Grid : Grid is the coordinate system used on the map. This interacts with the projection : a map of California, for example may have an Albers projection but the grid defines the base points for the projection, the measurement units (usually metres) and the point from which the units are measured.

JNX : A Garmin file format that can contain verly large images at up to five levels of detail. Originally it was used to distribute their Birdseye imagery but the format was decoded and there are several tools that create htese files. To display them on a Garmin unit, however, an unauthorised alteration (patch) to the unit's firmware must be made. More

JPG or JPEG : A file containing an image. The JPEG method compresses images using algorithms that allow pictures to be stored with much less information but still look good. But some information is lost and for maps, especially when compressed a lot, this format can introduce blemishes in the image such as haloes around points. JPG files cannot have transparent areas

KML/KMZ : Keyhole Markup Language used by Google Earth to describe tracks, routes and maps. The language is also used to describe Garmin Custom Maps. A KMZ is a KML file that has been compressed with the Zip program.

Palette : Like an artist's palette, this means the image is created from a limited set (typically 64 or 256) colours. For most maps, there is no loss of visual quality but considerable savings in space. Palettised images my also be described as having a bit depth of 8.

Pixel : Picture Element - the smallest piece of data (a dot) in a map or on a screen..

PNG : A file containing an image. It can be black and white, greyscale, palettised colour or full colour. Any compression is lossless.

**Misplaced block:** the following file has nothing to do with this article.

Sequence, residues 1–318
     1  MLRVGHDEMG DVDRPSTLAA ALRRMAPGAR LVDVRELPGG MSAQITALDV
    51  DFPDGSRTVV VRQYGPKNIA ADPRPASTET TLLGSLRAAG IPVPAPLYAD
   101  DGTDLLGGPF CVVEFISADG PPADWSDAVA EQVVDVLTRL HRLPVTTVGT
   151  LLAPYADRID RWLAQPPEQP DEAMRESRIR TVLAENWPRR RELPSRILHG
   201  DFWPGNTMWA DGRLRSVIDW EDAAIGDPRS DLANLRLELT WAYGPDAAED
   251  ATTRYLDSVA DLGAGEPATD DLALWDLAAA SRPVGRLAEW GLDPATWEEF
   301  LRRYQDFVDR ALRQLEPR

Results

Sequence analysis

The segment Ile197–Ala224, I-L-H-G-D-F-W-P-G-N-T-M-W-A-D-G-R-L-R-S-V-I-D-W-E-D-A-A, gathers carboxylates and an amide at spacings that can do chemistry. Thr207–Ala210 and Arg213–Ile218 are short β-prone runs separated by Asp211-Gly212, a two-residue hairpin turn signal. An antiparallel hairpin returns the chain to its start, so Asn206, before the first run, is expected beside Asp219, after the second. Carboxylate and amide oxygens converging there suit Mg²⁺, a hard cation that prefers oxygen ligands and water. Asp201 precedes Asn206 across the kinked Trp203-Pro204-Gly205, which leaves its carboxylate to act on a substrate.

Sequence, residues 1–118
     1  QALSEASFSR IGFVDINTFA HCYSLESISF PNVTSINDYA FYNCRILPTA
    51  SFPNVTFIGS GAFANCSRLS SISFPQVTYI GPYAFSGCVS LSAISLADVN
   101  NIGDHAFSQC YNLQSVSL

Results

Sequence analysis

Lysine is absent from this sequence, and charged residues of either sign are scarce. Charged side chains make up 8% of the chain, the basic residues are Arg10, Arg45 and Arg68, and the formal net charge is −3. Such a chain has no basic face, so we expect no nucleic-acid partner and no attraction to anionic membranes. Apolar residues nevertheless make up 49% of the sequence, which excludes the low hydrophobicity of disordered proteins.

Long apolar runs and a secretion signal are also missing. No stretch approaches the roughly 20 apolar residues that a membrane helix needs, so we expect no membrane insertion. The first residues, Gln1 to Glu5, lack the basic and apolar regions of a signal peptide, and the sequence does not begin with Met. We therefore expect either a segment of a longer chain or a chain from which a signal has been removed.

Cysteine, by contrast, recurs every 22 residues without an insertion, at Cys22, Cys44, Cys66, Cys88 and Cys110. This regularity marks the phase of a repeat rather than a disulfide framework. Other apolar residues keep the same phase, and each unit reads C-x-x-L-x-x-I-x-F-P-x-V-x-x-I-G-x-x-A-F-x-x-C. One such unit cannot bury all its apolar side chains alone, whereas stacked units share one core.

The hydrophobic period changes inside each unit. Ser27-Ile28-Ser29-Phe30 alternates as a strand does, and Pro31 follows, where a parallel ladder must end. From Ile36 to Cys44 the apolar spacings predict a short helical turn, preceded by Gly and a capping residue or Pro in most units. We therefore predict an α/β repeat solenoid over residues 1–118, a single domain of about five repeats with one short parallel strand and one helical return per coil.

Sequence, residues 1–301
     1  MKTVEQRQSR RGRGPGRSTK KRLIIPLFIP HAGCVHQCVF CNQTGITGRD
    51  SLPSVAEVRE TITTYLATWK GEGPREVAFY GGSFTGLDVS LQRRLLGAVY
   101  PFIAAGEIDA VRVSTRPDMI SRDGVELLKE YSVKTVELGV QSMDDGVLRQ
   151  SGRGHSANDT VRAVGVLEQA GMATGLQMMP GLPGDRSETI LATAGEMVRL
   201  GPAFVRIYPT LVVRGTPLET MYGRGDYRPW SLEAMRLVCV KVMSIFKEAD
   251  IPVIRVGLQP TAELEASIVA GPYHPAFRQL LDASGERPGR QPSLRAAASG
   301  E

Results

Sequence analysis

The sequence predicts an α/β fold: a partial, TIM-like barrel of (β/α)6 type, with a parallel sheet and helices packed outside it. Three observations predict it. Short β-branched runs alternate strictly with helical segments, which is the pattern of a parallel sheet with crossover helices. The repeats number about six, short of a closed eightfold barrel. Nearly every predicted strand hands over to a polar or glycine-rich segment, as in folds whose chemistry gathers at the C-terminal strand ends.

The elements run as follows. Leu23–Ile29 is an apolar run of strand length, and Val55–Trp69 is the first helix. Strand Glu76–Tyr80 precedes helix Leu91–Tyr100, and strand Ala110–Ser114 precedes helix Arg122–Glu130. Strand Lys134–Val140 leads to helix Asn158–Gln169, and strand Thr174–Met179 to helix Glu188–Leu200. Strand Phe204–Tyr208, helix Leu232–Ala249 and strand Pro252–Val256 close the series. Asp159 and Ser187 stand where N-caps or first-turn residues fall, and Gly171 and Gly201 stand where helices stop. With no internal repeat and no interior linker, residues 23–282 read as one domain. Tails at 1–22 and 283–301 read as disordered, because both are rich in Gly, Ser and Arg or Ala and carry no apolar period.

Projection : Projection is the mathematical rules used to display a representation of the curved surface of the earth on a flat screen (or piece of paper). Different projections have different advantages and disadvantages. Mercator, for example preserves directions but not distances; Plate Carree is simple but only accurate for small areas. The program understands the following : Plate Carree (Latitude Longitude), Mercator, Universal Transverse Mercator, Transverse Mercator (including British, Irish and Swiss), Lambert Conformal Conic and Albers Equal area.

Route : A list of points(latitude+longitude) that describe a planned journey. The points can be known as waypoints. In a compputer file they mayc ontain other information such as directions or links to photographs.
TIF (or TIFF) : Tagged Image file format. A file containing an image. It can be black and white, greyscale, palettised colour or full colour. TIF files can also contain calibration information whne they are called GEOTIFF. Any compression is lossless.

Tracks : A series of points (latitude+longitude) the describe a journey that has been undertaken. Often also includes altitude, date and time.

World File : File types of a World File are TFW,PGW nad JGW. A World file is a form of calibation file. It defines the coordinates of the top left of the map and the rate of change (e.g degrees per pixel) as one moves across the map.